The Supreme Court on Wednesday reserved its order on the plea of an NGO seeking a moratorium on the sale of new electoral bonds ahead of the assembly elections in West Bengal, Tamil Nadu, Kerala, Assam and Puducherry. However, during the hearing, a three-judge bench headed by Chief Justice of India (CJI) SA Bobde expressed concern over the possible misuse of these bonds and has asked the central government to investigate it. The court has asked what is its monitoring system.
The bench asked a question that if a political party gets 100 crore worth of bonds, then what is the control regarding the use of these bonds outside of illegal activities or political agenda? Representative of the center is Attorney General K.K. Venugopal said that after the Electoral Bond Scheme was introduced in 2018, there was a ban on black money in electoral funding as no cash was taken. Bonds can be purchased only through check or DD.
At the same time, Senior Advocate Rakesh Dwivedi, appearing for the Election Commission, said that the Election Commission is not opposing these bonds, but has expressed concern over its anonymity. A writ petition by the Association for Democratic Reforms (ADR) has been filed by the Supreme Court to stop the new sale of electoral bonds from April 1 to decide on their validity. The NGO demanded an immediate hearing, stating that the sale of the new electoral bonds should be stopped until the apex court decides on three pending petitions challenging the Electoral Bond Scheme 2018.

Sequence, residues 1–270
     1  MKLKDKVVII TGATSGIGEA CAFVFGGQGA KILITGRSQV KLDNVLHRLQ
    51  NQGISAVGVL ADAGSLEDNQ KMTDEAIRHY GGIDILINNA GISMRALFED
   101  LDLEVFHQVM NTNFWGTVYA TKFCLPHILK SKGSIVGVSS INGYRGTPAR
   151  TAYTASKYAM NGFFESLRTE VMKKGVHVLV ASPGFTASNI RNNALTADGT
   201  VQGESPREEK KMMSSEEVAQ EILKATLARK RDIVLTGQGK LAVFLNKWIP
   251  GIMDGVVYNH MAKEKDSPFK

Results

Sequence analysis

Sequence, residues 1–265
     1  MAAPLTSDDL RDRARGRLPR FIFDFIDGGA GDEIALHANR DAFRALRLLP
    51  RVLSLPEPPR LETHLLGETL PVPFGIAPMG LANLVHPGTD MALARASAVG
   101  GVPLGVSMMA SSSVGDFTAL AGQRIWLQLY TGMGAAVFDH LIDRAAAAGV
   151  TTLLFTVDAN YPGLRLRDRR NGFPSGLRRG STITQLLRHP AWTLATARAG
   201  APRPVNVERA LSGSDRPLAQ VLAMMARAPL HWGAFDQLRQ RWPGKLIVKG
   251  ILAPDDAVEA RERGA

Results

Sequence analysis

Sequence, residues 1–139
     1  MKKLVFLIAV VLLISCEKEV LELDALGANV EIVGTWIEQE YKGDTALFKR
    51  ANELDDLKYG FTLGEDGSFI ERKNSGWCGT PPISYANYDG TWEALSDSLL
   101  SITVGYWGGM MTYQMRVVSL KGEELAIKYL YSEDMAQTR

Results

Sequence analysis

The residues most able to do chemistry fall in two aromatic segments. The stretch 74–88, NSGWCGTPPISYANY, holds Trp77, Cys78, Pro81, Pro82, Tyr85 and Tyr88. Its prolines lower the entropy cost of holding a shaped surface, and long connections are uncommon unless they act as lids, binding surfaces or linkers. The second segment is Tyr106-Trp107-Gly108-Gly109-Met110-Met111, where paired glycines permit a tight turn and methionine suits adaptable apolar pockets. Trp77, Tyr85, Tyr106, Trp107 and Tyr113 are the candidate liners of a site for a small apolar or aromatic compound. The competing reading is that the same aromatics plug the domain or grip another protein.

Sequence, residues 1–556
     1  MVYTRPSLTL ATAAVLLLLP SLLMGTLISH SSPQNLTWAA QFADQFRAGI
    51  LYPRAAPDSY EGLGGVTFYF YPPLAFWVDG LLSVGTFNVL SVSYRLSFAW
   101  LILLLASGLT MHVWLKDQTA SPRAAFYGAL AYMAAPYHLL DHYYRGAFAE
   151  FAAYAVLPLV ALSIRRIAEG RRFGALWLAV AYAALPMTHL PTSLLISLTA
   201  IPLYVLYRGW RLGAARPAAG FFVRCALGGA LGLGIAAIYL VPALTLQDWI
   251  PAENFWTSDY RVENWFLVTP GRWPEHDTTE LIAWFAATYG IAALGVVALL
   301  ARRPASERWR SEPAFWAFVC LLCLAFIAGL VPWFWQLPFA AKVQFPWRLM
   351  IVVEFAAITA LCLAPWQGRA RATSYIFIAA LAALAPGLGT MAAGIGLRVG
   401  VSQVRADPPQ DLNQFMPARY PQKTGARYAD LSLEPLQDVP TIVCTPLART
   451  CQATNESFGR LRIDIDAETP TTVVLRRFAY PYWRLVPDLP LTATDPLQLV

Explain that an electoral bond is a promissory note that can be purchased by any person, company, firm, etc., provided the person or entity is a citizen of India. Bonds are specifically issued to political parties for the purpose of contributing money.